Who's voting?

Young voters show little interest in coming election

Posted: Sunday, October 02, 2005

As Jake Dempster, 21, flipped through a guitar magazine at the Kenai Safeway Store on Friday, finding a job — any job really — was on his mind. He was not too concerned about Tuesday's local elections.

A sampling of comments from the central Kenai Peninsula's younger residents around town Friday showed that at least some of them were concerned about issues other than the coming election. Others were just plain undecided on where they stand.

Tuesday's election will give Kenai Peninsula voters the chance to pick a new borough mayor and decide some issues on ballot propositions. For certain parts of the borough, voters also will pick members of the assembly, school board, service area boards, city councils and a local mayor.

Dempster was not so sure it would get him a job.

Dawn Edwards-Smith, 31, said she cares about the election, but has not paid too much attention to it.

She is still undecided on who she will vote for.

Brandon Girves, 20, said he was not following the election.

Girves is an employee at Kaladi Brothers Coffee Company in Soldotna.

When asked if any of the candidates talked about issues important to him, he replied: "I have no idea."

"I can't wait till it's all over so we can get back to the paper," he said paging through Friday's Peninsula Clarion plastered with election coverage.

Safeway employee Jeremy Herr, 36, said he is still deciding who he will pick for the mayor's seat. But whoever it is, he hopes they can do borough projects right the first time to save taxpayers money.

For example, Herr said the Kenai Spur Highway needs to be repaved again — much sooner than would be needed if the job was done right the first time.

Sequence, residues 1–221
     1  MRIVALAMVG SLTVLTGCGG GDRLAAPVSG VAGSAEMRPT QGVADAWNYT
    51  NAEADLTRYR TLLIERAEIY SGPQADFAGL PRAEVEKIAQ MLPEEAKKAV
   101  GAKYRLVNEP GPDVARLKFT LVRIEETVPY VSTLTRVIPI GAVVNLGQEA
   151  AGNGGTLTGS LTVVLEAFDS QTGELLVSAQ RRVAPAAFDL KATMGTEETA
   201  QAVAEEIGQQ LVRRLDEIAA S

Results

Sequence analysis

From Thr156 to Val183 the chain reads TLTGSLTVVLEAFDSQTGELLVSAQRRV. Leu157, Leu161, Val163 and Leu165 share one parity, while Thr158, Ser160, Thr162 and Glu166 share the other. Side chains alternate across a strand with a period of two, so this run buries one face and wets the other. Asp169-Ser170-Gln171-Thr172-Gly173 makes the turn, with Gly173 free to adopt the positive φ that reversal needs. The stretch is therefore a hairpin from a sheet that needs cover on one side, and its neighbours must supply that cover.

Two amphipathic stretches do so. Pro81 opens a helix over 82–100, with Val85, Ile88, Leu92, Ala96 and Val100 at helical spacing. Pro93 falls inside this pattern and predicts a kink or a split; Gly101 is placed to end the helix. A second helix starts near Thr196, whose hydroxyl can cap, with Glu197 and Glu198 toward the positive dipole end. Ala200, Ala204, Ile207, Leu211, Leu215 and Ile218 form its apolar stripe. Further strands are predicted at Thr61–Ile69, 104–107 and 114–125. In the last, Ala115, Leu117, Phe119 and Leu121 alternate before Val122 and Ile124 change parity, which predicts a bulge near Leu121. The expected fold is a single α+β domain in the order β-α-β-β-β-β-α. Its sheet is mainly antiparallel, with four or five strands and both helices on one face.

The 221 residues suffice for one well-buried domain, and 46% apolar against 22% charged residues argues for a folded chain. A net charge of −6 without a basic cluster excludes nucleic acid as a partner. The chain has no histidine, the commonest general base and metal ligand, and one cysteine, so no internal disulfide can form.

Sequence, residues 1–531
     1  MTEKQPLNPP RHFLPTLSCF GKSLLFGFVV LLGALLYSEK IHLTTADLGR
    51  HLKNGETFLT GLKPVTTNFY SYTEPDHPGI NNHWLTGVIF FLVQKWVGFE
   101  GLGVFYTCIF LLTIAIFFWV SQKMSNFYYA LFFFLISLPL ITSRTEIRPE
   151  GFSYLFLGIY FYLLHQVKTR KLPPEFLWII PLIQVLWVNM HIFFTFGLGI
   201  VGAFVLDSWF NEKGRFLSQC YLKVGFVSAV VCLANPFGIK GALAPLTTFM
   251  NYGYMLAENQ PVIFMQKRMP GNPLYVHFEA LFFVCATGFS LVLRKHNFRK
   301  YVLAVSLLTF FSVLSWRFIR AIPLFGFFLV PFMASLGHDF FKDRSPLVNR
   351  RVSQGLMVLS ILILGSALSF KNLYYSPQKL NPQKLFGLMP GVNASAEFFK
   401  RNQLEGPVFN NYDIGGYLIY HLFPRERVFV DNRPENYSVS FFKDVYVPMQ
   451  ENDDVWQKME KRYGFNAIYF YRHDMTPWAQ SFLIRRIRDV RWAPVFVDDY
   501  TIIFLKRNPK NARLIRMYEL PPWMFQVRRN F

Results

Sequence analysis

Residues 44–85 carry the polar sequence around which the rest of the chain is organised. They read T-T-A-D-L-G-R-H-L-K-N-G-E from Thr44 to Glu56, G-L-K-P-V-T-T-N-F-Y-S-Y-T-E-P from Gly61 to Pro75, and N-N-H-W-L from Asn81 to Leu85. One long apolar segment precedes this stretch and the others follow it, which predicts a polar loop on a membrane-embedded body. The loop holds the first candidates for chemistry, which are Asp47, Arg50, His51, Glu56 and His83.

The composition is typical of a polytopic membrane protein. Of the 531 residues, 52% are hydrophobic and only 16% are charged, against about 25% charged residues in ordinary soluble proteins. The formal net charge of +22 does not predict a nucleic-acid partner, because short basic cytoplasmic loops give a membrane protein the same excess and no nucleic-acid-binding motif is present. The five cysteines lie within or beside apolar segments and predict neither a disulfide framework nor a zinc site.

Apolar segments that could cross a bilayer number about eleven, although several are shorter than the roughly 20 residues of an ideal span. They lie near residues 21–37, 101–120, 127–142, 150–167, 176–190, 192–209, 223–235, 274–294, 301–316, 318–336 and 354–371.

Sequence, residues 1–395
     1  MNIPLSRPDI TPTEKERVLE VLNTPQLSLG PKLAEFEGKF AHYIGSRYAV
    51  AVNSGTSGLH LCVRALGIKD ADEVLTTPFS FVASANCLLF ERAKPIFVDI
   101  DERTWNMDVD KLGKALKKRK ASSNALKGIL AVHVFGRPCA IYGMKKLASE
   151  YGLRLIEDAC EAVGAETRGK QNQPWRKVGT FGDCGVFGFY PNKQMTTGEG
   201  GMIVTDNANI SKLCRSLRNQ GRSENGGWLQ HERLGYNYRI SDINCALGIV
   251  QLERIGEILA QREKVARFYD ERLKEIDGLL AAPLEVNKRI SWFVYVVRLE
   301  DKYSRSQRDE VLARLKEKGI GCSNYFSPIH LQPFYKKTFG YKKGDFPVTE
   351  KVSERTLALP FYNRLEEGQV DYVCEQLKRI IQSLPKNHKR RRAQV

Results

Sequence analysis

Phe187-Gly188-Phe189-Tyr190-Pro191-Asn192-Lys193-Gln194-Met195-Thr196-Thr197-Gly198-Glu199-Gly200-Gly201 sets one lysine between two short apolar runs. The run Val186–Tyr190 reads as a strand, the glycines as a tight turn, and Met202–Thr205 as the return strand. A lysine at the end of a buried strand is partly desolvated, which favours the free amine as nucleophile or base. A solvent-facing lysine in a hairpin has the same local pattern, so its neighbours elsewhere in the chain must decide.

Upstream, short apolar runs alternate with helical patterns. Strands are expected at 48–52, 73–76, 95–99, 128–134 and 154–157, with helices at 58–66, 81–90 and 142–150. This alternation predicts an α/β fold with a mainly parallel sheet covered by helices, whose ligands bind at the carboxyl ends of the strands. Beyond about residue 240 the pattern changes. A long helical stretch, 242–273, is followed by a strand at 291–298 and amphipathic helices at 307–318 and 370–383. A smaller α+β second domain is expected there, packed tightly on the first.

Dempster, the Safeway patron, had just moved to the area two days earlier and did not know the candidates' names.

There was one thing he was painfully aware of, though.

"The job search is a little bit hard," he said.

Dempster was concerned about opportunity. He grew up in Sterling and moved last year to Springfield, Mo., looking for a career start in life. He said he isn't so sure he can find that on the Kenai Peninsula — unless he goes to work on the North Slope.

He said Springfield was not the best place for him and his wife, so they packed the car and headed north.

While Dempster said he really just needs a job right now — any job — he hopes to be a small business owner in a few years.

Local government maybe able to help, he said.

Dempster said he knows starting a business or two will not be easy. When he sets out to open a restaurant and a custom carpentry business, he said he hopes there will not be too many hurdles — or taxes.

"It would be nice if that was made a little easier," he said.



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